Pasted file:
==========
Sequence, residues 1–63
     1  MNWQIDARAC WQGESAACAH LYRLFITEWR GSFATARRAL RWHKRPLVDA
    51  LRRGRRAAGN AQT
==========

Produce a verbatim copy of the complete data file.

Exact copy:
Sequence, residues 1–63
     1  MNWQIDARAC WQGESAACAH LYRLFITEWR GSFATARRAL RWHKRPLVDA
    51  LRRGRRAAGN AQT